If any of you have stories about gaps in riding and how your confidence was affected I would love to hear them.

Thursday, 25 January 2018


So, everyone knows that the best way to prepare for a month of twice-weekly training (the most instruction I've ever had in my life) is to go into it completely unprepared with an unfit horse and unfit rider, right? right?

Starting this Saturday I will be having two lessons a week with Elaine for a total of 4 weeks while she is in the area. Unfortunately, I am still in rough shape after a month of being sick and having a super demanding work schedule - I thought I was getting better but pilates class last night just about killed me and I generally think of pilates as my "easy sport" (I'm in a class with my middle aged parents, so if I can't keep up there's an issue). Kachina has been mostly sitting around losing fitness as well. A combination of the weather, my schedule (including being out of town for the last 5 days), and my sickness means that I have not even ridden yet in 2018!! We have done some good ground work and lunging (Kachina is finally comfortable again with me handling her feet so that's a win) but we are whole-fully unprepared for the work that will be heaped upon us shortly. At least we haven't been practicing our bad habits either?

While physically this is not the start I had hoped for, I am really looking forward to this month of training. I feel like my mind at least is in a good place to give this training a really solid try. I'm not going in with a list of specific problems or show deadlines that will direct the lessons. I instead want to learn as much as I can, soak up knowledge, work on my homework each week and figure out how to generally become a better rider and better trainer for Kachina. I really hope this month helps me to figure out some goals and a broad training plan for the rest of the year because I would appreciate the direction. Bring it on!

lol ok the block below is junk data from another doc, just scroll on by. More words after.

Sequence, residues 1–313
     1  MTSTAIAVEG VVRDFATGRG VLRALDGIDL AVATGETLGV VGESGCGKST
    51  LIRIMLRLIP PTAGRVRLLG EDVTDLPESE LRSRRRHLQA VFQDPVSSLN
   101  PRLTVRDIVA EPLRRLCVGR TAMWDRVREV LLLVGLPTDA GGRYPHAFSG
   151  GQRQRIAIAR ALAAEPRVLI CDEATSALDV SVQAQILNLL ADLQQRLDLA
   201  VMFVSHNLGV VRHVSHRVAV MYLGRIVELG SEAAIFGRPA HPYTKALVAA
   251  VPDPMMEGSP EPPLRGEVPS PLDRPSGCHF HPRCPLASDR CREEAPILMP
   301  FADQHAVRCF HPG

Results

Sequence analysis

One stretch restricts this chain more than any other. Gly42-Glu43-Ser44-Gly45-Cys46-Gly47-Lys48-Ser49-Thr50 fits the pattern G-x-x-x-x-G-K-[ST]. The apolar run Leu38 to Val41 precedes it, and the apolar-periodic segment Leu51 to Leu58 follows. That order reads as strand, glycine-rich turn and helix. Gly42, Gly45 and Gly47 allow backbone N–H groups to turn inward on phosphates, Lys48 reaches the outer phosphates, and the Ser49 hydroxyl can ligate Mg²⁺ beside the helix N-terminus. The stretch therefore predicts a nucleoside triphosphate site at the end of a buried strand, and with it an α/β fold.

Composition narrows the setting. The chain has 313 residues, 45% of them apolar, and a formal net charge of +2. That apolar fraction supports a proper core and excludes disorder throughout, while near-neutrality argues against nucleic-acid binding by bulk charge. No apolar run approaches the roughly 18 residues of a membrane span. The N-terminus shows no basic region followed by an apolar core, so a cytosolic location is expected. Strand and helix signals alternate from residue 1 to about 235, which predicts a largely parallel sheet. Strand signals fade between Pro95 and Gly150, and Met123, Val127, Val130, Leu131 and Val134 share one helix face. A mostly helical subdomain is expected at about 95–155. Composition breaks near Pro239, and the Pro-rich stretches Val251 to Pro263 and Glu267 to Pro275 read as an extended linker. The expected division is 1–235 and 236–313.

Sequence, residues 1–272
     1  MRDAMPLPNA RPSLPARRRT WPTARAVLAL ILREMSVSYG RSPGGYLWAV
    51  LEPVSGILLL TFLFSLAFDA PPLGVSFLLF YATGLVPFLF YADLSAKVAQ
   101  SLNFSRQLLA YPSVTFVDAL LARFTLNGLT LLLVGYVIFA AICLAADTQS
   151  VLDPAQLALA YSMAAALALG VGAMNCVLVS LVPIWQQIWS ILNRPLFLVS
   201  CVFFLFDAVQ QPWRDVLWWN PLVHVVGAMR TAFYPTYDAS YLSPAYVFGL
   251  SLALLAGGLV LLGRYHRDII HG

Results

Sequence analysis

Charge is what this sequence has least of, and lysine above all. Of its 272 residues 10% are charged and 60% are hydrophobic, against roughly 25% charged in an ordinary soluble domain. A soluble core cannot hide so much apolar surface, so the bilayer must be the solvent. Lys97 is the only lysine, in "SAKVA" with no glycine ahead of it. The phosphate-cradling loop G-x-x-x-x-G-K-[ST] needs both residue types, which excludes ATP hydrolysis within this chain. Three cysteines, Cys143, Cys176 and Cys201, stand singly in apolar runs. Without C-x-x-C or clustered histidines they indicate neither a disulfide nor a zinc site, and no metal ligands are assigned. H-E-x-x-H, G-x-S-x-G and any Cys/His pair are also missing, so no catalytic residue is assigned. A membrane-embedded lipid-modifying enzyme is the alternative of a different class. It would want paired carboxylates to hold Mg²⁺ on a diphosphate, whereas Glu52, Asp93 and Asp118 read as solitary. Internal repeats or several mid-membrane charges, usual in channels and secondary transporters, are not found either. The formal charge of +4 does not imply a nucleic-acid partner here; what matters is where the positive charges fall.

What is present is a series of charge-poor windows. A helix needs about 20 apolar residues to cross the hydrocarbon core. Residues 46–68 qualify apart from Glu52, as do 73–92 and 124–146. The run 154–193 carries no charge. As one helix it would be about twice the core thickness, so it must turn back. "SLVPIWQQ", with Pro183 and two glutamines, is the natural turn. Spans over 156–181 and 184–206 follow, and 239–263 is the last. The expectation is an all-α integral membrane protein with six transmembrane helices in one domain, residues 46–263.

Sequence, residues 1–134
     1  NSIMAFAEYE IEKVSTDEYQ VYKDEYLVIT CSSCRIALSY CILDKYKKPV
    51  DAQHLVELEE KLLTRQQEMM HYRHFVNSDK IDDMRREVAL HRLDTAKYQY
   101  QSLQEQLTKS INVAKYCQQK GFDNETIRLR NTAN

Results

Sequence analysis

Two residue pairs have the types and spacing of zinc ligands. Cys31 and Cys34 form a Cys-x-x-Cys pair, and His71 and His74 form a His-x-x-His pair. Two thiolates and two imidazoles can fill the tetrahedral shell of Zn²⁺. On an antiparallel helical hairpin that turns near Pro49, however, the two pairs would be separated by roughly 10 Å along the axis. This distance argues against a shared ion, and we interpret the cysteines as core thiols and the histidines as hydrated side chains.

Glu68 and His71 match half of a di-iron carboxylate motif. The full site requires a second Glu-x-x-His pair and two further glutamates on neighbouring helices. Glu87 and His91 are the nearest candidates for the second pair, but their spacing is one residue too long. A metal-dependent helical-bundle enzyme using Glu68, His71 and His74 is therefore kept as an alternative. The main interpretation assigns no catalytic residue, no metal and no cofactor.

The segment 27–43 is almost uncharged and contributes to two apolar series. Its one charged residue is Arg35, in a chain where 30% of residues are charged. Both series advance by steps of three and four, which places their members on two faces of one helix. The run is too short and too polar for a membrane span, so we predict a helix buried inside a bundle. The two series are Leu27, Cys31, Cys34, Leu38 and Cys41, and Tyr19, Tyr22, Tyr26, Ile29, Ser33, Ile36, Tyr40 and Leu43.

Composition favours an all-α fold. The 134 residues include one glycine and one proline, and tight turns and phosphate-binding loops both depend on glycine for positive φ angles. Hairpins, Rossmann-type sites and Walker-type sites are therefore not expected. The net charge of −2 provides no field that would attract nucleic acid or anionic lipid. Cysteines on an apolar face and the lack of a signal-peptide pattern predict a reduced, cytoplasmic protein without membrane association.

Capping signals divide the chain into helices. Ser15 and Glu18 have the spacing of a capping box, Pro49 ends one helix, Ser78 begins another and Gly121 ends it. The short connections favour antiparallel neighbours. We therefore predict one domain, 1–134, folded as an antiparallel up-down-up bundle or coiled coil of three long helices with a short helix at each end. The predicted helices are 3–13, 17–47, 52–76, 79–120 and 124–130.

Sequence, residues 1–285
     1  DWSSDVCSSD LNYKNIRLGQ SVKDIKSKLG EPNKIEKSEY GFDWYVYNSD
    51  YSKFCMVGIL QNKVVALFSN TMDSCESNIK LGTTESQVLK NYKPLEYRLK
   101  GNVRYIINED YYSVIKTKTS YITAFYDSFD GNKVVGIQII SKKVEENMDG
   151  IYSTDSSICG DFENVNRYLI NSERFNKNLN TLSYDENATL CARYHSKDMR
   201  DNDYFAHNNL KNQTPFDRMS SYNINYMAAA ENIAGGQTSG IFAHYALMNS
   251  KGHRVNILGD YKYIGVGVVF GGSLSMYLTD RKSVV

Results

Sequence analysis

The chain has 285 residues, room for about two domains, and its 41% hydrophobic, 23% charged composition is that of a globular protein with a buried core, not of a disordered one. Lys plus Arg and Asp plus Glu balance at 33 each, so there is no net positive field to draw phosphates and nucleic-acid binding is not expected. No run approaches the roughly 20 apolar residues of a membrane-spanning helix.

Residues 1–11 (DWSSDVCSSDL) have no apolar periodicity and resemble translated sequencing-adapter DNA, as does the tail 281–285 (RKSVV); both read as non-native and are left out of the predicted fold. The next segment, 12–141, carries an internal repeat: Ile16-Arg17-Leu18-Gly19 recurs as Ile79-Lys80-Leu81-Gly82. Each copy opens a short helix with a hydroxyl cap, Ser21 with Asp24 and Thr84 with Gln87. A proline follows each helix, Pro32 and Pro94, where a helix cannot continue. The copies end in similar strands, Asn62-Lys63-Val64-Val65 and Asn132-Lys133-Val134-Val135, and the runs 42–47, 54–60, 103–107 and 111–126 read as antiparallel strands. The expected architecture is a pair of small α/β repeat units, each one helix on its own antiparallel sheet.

Friday, 19 January 2018


In the last few months I've been thinking about barns and trainers, and how neither of them are ever perfect so we go with lesser evils or those which meet our needs best at a certain point in time.

With that in mind, I thought it would be interesting to discuss what imperfections we are willing to live with when it comes to our trainers and barns. Do you put up with some flakiness for an instructor with a great eye? Do you forgo bathing your horse for a place with great hay? Are proximity and cost near the top of your list or will you spend more time and money to get the best? On the other hand, what's non-negotiable for you? Let me know if anyone wants to do a bloghop on this and I can set up a linky thing.

Here's mine:


- Good hay
- Safe fences
- Indoor arena (for winter)
- Decent arena availability
- Safe place to ride outside
- People I trust to notice if something is wrong with my horse (colic etc) and let me know
- Big pens, paddocks or pastures - room for my horse to move
- Other horses
- A place I feel welcome to come (this is a bit ambiguous, but I've seen situations before where it's someone's more private place and it feels like going to someone's house uninvited)